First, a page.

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5 Tips for Trading a Volatile Market

by | Jan 25, 2022 | Portfolio Management, Strategy

With the markets showing extreme volatility as of late and higher beta growth stocks leading the way lower recently I thought I’d share some ideas I try to use when markets get volatile. It never really matters why volatility happens as it usually shows up the same way technically if you are a chart watcher. Trends begin to break down below key moving averages like the 21 and 50 day moving averages. Then the average true range starts to increase along with implied volatility of options (think VIX) as the markets start to price in higher volatility. You often can sense the character of the market shifting well before big momentum reverses into a downtrend so its useful to always be on alert for the potential risks as the market tends to warn well in advance with signals such as internal market breadth and key sectors moving before the broad market succumbs to a change in market forces. As a swing trader I prefer holding positions overnight for several days to several weeks if the market is allowing for that but when things change here are some of the rules I try to focus on most.

 

1. Trade Less

In a volatile market it might seem like there is so much more to do with stocks moving wildly hitting prices that were unimaginable before the volatility came about but that is exactly when it’s best to focus on less total trades. Fewer trades open allow you to have more mental clarity when it’s needed most. There is nothing worse than having too many positions in the wrong direction when the market makes an unexpected turn and intraday ranges increase drastically. Taking into account a market that might have the SPY moving 3 points in a normal market day you might get 3 times that range intraday when things turn volatile. Pick your spots during the week to attack the highest probability support and resistance levels which offer the best risk/reward to enter a trade. With prices moving in so much greater speed and overall price ranges higher, it doesn’t take many trades to reach a solid profit if you are disciplined to trade less. Trading less can keep your mind clear and unbiased when markets get wild and you will feel that much more calm if you wake up to an extreme gap down instead of worrying about how much you might lose on existing positions. I’ve learned the hard way that it rarely pays to have many positions on overnight when volatility increases, especially when the VIX is sustaining levels above 25-30. A VIX at that level implies nearly a 2% intraday range being priced in and that can easily occur overnight subjecting traders to gap risk. There will be plenty of time to trade more when the market storm passes, it always does, so focus on staying liquid without being a nervous wreck.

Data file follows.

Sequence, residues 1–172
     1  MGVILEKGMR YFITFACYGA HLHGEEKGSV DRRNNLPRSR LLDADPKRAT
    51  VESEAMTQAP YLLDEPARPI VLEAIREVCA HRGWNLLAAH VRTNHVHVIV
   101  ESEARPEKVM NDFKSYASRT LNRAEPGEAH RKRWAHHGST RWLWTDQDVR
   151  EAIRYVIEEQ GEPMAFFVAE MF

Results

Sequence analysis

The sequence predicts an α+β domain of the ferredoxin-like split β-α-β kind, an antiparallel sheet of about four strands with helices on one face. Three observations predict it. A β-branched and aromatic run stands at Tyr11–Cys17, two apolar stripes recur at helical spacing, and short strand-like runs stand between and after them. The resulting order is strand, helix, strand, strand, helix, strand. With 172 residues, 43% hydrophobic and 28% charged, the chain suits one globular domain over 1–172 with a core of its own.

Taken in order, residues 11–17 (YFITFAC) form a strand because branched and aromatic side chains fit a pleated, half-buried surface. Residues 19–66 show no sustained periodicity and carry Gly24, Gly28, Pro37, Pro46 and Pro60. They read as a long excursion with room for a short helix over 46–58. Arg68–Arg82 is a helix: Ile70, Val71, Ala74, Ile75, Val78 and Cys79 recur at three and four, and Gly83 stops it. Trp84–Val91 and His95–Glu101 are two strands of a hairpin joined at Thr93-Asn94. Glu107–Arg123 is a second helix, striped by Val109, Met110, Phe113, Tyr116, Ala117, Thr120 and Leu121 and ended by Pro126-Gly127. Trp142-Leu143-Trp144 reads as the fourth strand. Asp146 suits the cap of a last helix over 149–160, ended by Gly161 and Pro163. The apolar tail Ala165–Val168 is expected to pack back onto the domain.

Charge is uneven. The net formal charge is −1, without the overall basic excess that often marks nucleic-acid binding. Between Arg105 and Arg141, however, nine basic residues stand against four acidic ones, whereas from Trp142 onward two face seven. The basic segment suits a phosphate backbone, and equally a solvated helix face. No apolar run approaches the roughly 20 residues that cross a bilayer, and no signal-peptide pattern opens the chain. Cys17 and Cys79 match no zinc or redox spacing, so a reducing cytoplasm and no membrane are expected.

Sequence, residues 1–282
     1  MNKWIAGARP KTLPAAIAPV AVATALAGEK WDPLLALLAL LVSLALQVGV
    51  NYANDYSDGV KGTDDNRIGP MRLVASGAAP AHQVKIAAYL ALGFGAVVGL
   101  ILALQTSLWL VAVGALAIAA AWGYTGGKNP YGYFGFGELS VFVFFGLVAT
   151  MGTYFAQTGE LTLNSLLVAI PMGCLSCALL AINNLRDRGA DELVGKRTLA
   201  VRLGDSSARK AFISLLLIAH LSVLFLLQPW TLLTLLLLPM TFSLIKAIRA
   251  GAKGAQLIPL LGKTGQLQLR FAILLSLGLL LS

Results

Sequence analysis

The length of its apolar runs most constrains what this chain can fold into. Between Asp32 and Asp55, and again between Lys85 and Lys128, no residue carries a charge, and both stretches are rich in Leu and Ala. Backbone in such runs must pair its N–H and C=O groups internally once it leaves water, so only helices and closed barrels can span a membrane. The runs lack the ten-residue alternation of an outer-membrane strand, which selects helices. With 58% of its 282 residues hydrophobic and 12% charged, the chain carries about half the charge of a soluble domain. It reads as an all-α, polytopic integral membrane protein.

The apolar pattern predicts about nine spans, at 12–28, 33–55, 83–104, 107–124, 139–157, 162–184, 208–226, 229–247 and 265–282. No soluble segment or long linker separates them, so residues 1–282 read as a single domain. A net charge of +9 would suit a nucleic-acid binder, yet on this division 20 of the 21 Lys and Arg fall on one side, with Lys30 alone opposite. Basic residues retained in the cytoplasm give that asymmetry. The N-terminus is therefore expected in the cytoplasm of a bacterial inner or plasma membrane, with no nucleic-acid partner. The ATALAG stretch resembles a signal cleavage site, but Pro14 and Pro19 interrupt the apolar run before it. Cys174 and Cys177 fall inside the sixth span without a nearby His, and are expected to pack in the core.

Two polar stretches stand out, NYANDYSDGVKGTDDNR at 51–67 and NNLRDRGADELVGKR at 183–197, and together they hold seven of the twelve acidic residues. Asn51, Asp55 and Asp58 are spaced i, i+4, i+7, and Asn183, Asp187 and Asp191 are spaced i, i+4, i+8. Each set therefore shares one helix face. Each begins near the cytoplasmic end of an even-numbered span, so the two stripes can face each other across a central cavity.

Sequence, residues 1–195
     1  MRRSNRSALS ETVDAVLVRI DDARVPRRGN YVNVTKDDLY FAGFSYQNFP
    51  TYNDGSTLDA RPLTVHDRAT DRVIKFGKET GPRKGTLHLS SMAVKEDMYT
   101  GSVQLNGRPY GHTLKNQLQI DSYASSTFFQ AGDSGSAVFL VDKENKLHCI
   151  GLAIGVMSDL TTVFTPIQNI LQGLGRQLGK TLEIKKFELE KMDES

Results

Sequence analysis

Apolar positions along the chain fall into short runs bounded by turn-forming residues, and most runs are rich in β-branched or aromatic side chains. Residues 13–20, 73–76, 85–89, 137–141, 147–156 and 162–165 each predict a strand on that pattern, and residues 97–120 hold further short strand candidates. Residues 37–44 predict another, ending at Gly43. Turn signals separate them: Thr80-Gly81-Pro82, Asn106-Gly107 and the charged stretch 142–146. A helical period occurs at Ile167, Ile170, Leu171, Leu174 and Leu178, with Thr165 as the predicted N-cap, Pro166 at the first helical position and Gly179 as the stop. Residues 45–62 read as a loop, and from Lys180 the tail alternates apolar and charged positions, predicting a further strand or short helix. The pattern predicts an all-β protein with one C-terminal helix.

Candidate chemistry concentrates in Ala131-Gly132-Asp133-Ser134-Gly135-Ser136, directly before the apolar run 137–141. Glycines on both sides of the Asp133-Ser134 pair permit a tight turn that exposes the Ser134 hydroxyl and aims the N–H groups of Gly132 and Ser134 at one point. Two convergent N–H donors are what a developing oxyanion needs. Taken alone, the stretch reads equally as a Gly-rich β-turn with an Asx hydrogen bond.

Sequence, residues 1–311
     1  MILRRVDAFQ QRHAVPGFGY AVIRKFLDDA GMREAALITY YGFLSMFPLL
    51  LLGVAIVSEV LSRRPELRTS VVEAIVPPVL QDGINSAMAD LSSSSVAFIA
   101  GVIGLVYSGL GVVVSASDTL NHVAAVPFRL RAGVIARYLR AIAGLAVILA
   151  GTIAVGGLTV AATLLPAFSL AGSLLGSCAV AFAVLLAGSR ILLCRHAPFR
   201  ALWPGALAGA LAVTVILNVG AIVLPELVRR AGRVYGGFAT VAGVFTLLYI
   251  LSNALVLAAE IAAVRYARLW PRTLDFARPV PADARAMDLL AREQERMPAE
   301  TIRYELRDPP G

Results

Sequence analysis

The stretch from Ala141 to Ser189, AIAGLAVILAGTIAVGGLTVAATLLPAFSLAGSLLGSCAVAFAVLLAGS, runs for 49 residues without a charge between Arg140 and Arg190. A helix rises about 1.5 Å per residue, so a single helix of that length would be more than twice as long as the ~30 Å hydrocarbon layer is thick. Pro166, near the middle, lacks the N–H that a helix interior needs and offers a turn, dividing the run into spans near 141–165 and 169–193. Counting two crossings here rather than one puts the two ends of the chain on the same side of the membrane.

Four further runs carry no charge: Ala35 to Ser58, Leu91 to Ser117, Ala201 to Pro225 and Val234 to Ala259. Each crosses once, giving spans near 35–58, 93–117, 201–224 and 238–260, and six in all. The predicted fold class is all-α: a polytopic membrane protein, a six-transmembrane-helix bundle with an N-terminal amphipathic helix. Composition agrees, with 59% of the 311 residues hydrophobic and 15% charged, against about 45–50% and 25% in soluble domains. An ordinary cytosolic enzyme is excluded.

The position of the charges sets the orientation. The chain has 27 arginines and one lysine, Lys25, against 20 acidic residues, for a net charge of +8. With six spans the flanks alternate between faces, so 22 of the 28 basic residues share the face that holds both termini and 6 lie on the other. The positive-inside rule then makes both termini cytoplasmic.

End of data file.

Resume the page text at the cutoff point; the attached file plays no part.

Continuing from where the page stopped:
2. Focus on Index Liquidity

When volatility increases, that means correlations increase and nearly every stock moves with the stock indexes. Since the futures dictate on where the overall market goes, most stocks will get dragged in that direction with it. So why try to bother finding stocks and looking through a ton of charts when you can just focus on trading liquid index ETFs. When market volatility increases I try to focus on trading SPY or SPX options. QQQ and IWM are also nice alternatives as both are extremely liquid and offer great options markets. There is nothing worse than being bearish and correct but the stock you chose to short or buy puts on got upgraded or had a buyout rumor that saved it from dropping while the overall market went lower as you expected but you tried to be cute and pick a stock instead of just trading the broad market index. I’ve seen it happen several times.  Also the other risk in trading markets with wild volatility is the fact that bid/ask spreads on options can often be wider and less accommodating on certain stocks that might be normally liquid in a calm market. If you just trade index ETFs like SPY, QQQ, IWM you will avoid that liquidity risk and give yourself a fighting chance to catch a nice momentum move without having to worry about slippage or a bad fill, on entry and exit.

 

3. Trade Smaller Size with Wider Stops